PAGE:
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UAB Shares What Millennials and Generation Z Need to Know About Colon Cancer

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With an estimated 53,000 deaths from colon cancer in 2024, one University of Alabama at Birmingham physician explains what people in their 20s and 30s need to know about risk factors and warning signs of the disease. (Adobe Stock)

By Brianna Hoge | UAB News

Individuals in their 20s and 30s should be aware of the warning signs of colon cancer to know when to seek medical attention. When most people think about colon cancer, they associate the disease with older populations. However, the American Cancer Society reports that one in every five colon cancer diagnoses in 2019 was in someone younger than 55 years old. This is an increase of 9 percent since 1995.

With an estimated 53,000 deaths from colon cancer in 2024, one University of Alabama at Birmingham physician explains what people in their 20s and 30s need to know about risk factors and warning signs of the disease.

Risk factors

Drew Gunnells, M.D., assistant professor in the UAB Department of Surgery, emphasizes that the biggest concern of colorectal cancer is a strong family history. He recommends seeking out family members and discussing their medical history as this may change the window of screening time.

“Genetics plays a significant role in colorectal cancer, and if you have an immediate family member with colorectal cancer, then you will need to relay this information to your medical providers to start screening earlier,” Gunnells said.

While one may not be able to change their genetics, Gunnells, who is also a member of the gastrointestinal cancer team at the O’Neal Comprehensive Cancer Center at UAB, says small modifications can be made to a daily routine to help lower one’s risk of getting colon cancer.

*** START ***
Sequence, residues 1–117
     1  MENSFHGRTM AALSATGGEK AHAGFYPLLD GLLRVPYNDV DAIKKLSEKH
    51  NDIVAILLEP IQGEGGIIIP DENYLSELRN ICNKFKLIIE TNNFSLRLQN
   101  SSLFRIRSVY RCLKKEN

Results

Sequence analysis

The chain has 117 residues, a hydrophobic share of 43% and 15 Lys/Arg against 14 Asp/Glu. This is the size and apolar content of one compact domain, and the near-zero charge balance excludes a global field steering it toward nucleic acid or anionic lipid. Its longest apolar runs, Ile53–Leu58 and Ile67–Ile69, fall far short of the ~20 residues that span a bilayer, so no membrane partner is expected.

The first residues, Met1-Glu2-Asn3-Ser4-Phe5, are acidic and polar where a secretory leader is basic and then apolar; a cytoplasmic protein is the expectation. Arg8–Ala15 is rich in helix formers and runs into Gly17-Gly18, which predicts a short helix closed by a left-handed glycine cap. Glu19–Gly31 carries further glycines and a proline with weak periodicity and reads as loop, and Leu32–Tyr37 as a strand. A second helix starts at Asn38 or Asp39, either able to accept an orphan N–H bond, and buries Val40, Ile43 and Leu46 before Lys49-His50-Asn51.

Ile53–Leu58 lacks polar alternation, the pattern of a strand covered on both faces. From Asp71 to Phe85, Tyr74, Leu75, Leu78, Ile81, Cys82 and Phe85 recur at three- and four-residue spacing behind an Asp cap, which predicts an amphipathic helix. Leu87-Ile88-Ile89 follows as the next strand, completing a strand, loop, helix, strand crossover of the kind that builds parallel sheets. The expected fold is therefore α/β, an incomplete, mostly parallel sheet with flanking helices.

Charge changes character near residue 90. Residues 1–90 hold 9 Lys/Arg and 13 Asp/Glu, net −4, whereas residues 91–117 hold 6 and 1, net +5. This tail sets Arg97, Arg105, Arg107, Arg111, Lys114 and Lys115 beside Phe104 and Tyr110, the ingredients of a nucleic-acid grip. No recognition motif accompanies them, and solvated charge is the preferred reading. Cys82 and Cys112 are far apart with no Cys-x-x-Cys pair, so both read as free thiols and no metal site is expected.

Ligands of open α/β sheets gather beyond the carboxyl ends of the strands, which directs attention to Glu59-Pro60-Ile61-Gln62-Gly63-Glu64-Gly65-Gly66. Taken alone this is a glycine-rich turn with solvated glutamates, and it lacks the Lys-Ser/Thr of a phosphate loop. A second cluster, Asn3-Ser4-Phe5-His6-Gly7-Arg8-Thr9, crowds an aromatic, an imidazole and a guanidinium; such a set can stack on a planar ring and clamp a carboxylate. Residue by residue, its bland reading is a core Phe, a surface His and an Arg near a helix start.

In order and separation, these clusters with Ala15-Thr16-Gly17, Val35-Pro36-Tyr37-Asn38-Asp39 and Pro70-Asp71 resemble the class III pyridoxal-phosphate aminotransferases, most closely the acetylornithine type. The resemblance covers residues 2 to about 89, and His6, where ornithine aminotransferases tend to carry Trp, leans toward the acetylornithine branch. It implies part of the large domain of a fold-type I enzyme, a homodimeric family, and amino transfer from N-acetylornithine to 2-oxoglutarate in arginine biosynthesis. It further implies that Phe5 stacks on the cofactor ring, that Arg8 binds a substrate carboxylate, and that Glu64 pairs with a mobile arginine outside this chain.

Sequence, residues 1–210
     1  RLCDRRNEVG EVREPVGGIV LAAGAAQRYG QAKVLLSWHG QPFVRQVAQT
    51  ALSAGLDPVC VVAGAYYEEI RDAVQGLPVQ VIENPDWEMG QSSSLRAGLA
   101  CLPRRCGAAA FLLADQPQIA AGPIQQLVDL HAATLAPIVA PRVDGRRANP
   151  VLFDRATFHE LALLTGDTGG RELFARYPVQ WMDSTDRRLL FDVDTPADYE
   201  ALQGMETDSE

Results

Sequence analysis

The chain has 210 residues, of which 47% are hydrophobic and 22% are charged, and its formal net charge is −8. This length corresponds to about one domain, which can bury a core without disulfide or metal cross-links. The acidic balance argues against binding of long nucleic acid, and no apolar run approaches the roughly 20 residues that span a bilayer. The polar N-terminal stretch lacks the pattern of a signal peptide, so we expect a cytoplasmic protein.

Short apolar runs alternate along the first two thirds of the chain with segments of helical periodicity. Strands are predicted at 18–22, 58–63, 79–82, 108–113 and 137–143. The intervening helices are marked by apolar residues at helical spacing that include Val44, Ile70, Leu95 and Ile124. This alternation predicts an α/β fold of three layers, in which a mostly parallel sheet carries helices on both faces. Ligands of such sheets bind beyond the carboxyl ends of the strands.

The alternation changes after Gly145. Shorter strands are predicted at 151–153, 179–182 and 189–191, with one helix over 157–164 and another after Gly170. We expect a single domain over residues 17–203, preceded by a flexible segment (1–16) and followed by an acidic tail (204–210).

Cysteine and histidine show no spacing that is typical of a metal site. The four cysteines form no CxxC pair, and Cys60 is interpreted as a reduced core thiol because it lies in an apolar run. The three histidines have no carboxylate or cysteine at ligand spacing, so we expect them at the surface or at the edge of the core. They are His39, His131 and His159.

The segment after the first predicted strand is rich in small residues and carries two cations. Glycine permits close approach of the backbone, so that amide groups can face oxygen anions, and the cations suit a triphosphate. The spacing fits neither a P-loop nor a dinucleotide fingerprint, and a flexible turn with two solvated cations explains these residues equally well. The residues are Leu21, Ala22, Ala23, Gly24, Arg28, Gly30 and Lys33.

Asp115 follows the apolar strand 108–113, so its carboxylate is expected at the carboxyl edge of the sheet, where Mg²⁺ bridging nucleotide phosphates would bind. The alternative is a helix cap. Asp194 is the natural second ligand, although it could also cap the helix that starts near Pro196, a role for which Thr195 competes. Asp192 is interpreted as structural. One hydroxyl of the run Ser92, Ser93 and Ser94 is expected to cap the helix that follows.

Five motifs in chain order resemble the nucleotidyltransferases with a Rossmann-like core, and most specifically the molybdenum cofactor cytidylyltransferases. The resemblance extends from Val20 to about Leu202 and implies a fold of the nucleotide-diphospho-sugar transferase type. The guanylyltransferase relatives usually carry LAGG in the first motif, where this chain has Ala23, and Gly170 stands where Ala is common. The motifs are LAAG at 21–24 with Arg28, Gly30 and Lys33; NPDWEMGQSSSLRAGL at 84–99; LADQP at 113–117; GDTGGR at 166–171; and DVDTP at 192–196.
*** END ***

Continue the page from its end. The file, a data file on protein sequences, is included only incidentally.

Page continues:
“Drinking, smoking, eating highly processed foods and meat, and high sugar diets are going to increase your risk factors,” Gunnells said. “That’s not to say that you should not eat anything with sugar or that is highly processed, but be mindful of the amount you are consuming.”

Another way an individual can lower their risk is to incorporate physical activity into their day-to-day routine. This can include:

  • taking the stairs instead of the elevator
  • parking toward the back of a parking lot
  • stretching while watching television

Recently, one UAB researcher found that music can have a positive or negative impact on athletic performance during exercise. Learn more about how to select the right workout playlist, here.

Warning signs

Red flags for individuals in their 20s and 30s are bowel habits, abdominal pain or bloating, weight loss, fatigue, or change in appetite. But, no matter one’s age, Gunnells stresses that blood in the stool and rectal bleeding are never normal.

“Many times, it is not cancer and is likely something minor, like hemorrhoids; but it is something that needs to be evaluated,” Gunnells said.

A primary care provider is central to obtaining necessary screenings and discussing additional risks for colorectal cancer. To find a UAB Medicine provider, click here.

Learn about the services and treatments for colorectal cancer that the O’Neal Comprehensive Cancer Center at UAB offers here.